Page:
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What Is a Melanotic Macule?

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Medically Reviewed By Colgate Global Scientific Communications

If you've noticed a dark spot on your lips or inside of your mouth, you're far from alone. Many underlying causes can produce a darkening of spots on your lips or mouth, also known as hyperpigmentation. We're here to help you understand when this is a melanotic macule, what the other causes are, and if you should talk to a professional.

Characteristics of a Melanotic Macule

Dark spots that appear on your mouth or lips have several causes. By far, the most common cause is known as a melanotic macule or non-cancerous hyperpigmentation of a mucous membrane. This occurs when one of your mucous membranes produces more pigment (melanin) than typical.

Your lesion may have a similar appearance to a freckle on your lip or mouth. Sometimes they appear on their own (solitary) or in groups. If this condition occurs in your mouth, it’s known as an oral melanotic macule, whereas on your lip, it’s known as a labial melanotic macule.

It’s challenging to self-diagnose the underlying cause of your melanotic macules or even to rule out other potential conditions. According to the Journal of Contemporary Dental Practice, melanotic macules account for 86.1% of oral lesions that involve melanin.

Pigmentation around your mouth may be melanotic macules, but may also be the result of:

  • Inherited pigmentation
  • Hormonal fluctuations, imbalance, or dysfunction
  • Peutz-Jeghers syndrome
  • Traumatic injury to the affected area
  • Oral cancer
  • Hereditary disorders, including hemochromatosis
  • Smoking or the use of tobacco products
  • Amalgam tattoo (pigment from materials produced outside of your body)

Diagnosis and When To See a Professional

If you’re concerned, remember that benign conditions are by far the most likely explanation of any dark spots in your mouth or lips, and professionals are specially trained to diagnose this condition.

According to the World Journal of Clinical Cases, this condition has numerous underlying causes, some of which are benign (harmless) and some that are potentially serious and require treatment.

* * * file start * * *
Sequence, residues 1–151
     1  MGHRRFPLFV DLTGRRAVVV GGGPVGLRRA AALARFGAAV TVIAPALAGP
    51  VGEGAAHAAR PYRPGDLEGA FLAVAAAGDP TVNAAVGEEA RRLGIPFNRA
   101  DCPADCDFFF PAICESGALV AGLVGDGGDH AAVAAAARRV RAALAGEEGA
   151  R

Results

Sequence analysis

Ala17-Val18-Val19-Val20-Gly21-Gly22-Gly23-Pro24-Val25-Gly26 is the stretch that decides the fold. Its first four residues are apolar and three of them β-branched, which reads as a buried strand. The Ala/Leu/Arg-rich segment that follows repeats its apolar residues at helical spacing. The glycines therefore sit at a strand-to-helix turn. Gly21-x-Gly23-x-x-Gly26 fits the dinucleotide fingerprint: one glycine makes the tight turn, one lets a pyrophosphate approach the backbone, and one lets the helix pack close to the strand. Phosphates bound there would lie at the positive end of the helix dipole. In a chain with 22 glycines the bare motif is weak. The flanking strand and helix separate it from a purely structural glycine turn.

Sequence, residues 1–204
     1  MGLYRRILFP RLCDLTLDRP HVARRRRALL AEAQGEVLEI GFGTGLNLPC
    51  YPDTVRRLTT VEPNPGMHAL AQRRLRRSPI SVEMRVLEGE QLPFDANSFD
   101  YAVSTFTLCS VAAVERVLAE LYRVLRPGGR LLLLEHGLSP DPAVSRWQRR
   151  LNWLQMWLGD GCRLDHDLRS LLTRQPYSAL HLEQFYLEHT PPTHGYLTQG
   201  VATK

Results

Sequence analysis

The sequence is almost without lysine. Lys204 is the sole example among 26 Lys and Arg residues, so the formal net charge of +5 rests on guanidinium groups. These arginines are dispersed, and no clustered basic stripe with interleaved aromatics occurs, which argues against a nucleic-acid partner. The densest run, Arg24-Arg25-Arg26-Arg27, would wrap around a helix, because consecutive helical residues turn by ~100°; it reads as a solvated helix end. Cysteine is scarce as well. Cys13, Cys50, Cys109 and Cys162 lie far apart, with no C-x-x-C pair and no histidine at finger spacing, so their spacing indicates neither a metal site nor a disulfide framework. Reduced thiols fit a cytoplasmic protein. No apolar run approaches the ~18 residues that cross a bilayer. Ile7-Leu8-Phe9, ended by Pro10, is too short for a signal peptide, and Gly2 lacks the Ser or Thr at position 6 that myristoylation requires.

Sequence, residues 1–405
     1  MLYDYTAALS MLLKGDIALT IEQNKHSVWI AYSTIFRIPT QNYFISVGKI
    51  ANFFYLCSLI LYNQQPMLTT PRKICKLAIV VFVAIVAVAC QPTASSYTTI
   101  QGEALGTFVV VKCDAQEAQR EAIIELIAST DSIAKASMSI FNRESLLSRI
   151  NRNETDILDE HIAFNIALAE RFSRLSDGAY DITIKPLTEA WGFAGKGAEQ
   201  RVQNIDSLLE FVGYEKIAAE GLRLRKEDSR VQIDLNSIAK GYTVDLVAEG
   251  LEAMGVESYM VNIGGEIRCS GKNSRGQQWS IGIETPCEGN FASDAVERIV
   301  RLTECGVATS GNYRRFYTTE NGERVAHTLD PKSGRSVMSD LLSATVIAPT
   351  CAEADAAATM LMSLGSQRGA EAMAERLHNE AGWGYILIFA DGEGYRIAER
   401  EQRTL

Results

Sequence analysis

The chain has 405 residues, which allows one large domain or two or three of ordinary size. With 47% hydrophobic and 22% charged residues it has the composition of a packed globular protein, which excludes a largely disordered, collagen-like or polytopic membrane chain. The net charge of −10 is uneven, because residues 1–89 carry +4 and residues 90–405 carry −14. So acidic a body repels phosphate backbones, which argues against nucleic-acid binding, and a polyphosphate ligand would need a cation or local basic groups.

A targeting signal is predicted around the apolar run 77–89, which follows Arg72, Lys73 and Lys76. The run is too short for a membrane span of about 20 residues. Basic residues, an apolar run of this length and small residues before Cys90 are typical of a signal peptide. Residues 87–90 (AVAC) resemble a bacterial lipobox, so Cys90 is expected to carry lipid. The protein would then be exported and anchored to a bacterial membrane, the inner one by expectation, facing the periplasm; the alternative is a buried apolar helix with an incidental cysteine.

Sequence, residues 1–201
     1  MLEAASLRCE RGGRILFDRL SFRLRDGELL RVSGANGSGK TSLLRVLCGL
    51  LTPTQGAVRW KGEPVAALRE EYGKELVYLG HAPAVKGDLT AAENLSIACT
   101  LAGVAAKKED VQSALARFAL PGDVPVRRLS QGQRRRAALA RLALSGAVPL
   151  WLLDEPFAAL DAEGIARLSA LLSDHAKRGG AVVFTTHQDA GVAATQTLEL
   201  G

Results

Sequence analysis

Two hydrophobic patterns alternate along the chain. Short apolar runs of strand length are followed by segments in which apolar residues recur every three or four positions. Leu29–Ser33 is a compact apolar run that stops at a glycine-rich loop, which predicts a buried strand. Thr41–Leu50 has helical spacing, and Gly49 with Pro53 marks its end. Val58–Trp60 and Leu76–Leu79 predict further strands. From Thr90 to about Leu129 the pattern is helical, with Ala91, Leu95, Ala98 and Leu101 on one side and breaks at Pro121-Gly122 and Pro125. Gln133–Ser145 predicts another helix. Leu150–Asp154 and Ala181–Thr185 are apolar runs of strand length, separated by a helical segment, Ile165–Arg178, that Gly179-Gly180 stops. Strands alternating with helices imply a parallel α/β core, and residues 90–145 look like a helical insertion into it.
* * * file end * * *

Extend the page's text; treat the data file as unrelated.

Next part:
Early diagnosis and treatment are important for some conditions that could explain the presence of your dark lesion if it turns out not to be a melanotic macule, so it’s a good idea to schedule an appointment with your dental or medical professional when you’re able.

To diagnose the cause of your dark lesion, your dental or medical professional may:

  • Assess your individual medical history, including health issues and medications
  • Examine it, looking especially at symmetry and uniformity of the spots
  • In some cases, they may order a biopsy or further tests to determine the cause of the lesion


If your dark lesion does turn out to be a melanotic macule, treatment will likely be unnecessary as the condition is benign. Schedule regular medical or dental visits to ensure your lesion's appearance doesn’t display any concerning changes.

If you’re bothered by the appearance of your melanotic macule, there are cosmetic options available to treat or remove it. According to DermNet, options for removal may include:

  • Excision (surgical removal)
  • Cryotherapy (removal using cold)
  • Laser or pulsing light (removal using high energy particles)

Rest assured that the dark spot on your lip is most likely a melanotic macule but could also be the sign of another, less common condition. Because they’re difficult to diagnose on your own, it’s best to check in with your dental or medical professional to rule out more serious concerns. You’ve done a great job informing yourself by reading up on what melanotic macules are and what you can do about them.

Oral Care Center articles are reviewed by an oral health medical professional. This information is for educational purposes only. This content is not intended to be a substitute for professional medical advice, diagnosis or treatment. Always seek the advice of your dentist, physician or other qualified healthcare provider. 

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